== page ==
withheld for routine jaundice. However, lipids should be used carefully or held temporarily in
infants near exchange levels. Lipids should also be used cautiously in infants with documented
sepsis and/or high oxygen requirements.

        The 10% lipid solution is not used in the newborn nursery. Studies in neonates have
shown that the 10% solution results in higher triglyceride levels which leads to the accumulation
of phospholipids and cholesterol in LDLs. 20% lipids had a more efficient clearance of
triglycerides even at higher infusion rates (Haumont et al., 1989 and 1992).

D.     Electrolytes, vitamins and minerals

        Electrolyte requirements may vary somewhat and serum levels should be carefully
monitored when initiating TPN . Electrolyte intake should be limited for the first 1-2 days of life,
especially in the ELBW preterm infant due to a physiologic excess of total body sodium and
water. A diuresis/natriuresis with accompanying weight loss is expected (Lorenz et al., 1995).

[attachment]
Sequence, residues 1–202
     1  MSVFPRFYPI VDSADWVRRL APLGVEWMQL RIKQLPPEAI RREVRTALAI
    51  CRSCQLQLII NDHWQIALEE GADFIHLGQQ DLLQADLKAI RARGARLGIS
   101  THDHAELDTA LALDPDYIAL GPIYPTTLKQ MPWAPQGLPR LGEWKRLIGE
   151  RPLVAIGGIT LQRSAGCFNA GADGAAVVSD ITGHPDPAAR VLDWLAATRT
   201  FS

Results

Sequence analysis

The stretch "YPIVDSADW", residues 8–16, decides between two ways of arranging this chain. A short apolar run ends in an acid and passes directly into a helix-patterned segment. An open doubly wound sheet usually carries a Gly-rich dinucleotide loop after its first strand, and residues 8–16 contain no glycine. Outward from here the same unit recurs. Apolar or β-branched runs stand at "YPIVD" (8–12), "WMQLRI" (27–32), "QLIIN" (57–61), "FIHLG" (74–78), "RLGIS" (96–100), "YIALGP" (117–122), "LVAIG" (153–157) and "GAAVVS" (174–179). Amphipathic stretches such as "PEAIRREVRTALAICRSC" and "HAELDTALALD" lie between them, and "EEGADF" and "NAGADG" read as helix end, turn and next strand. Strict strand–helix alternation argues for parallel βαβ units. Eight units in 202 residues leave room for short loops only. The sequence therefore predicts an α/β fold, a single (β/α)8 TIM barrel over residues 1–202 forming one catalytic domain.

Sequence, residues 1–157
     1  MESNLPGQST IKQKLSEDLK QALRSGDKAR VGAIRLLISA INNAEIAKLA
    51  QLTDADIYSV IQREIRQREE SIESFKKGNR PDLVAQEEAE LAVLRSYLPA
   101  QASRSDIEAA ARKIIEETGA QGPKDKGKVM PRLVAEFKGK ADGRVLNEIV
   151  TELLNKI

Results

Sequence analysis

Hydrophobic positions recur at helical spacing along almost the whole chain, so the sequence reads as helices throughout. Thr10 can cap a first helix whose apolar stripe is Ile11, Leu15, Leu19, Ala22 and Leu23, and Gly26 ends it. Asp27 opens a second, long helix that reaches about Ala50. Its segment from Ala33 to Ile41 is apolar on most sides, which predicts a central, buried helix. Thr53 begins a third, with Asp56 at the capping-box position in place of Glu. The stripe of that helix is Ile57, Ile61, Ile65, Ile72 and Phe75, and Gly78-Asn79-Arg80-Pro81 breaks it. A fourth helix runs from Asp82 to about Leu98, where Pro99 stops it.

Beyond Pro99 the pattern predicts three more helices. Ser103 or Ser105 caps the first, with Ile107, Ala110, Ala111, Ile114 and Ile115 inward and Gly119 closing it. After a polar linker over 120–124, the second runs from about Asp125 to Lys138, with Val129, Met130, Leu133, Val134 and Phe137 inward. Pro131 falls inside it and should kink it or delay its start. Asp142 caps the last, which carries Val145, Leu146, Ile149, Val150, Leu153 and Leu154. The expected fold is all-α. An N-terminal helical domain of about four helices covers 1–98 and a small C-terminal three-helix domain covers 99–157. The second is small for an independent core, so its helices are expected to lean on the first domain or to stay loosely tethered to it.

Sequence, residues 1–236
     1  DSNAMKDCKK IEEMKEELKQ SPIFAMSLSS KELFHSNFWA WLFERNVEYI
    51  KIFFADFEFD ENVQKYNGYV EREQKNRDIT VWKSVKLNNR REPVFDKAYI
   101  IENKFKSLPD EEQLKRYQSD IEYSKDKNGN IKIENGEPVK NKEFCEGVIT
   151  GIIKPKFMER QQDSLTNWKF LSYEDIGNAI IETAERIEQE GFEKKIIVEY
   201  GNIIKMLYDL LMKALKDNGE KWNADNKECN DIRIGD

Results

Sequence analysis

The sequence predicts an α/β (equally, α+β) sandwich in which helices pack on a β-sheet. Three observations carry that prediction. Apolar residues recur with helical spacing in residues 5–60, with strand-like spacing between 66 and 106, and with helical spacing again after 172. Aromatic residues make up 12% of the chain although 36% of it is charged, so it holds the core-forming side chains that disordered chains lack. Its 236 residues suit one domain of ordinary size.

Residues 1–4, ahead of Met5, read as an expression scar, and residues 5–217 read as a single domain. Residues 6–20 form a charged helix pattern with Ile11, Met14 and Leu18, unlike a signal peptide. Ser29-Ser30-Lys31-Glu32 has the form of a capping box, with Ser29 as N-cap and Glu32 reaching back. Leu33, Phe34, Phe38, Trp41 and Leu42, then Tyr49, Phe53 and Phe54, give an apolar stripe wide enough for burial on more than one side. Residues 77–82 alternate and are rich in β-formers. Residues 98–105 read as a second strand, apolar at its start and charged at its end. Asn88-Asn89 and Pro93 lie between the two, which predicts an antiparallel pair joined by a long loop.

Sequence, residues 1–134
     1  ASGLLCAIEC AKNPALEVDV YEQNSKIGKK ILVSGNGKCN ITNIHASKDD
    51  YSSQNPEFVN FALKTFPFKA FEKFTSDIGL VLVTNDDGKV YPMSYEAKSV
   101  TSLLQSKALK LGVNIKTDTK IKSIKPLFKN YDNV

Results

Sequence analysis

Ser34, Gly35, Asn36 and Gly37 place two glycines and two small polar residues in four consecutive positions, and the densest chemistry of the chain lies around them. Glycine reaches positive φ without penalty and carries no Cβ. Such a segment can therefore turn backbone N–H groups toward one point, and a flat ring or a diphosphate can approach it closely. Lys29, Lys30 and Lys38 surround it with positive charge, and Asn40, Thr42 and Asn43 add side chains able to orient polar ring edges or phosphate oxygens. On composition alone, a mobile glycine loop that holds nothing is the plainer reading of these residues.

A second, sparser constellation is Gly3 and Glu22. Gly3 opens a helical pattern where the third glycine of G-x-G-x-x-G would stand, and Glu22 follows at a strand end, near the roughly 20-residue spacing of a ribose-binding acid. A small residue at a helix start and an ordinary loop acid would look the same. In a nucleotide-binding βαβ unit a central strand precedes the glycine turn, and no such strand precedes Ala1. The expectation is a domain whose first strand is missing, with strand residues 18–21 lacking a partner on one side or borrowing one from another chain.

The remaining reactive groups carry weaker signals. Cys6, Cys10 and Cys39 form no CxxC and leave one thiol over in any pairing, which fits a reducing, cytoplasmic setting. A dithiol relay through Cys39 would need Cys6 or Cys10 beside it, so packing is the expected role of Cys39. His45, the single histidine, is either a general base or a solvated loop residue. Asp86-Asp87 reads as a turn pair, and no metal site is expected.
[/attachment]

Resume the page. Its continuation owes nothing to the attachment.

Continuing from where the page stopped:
Costarino et al (1991) found that holding sodium during the first five days of life did not prevent
the physiologic diuresis/natriuresis and the infants were less likely to develop hypernatremia
and did not require a high fluid intake. In addition, these infants were less likely to develop
BPD. Serum electrolytes can be followed carefully and TPN can be ordered with or without
electrolytes as needed. Some amount of sodium acetate will be required as a buffer (see Table
4 for a suggested "ideal” initiation of fluids and electrolytes in preterm infants).

        Calcium (50-60 mg/dL), phosphorus (40-45 mg/dL) and magnesium (6-7 mg/dL) at an
infusion rate of 120-150 cc/kg/day appears to be an adequate intake to maintain mineral
homeostasis in preterm and term infants. However, VLBW infants may have a higher calcium
requirement for growth (most calcium is acquired during the third trimester and the fetus
deposits on average 100 mg/kg/day during the third trimester. TPN can only deliver calcium at
about 60-70% of that rate due to precipitation of calcium phosphate crystals in the TPN solution.
Lowering the phosphorus to increase the calcium results in hypophosphatemia). The smallest
preterm infants on long term TPN are at risk for bone demineralization and “rickets of
prematurity” which is caused by inadequate intake of calcium and phosphorous not vitamin D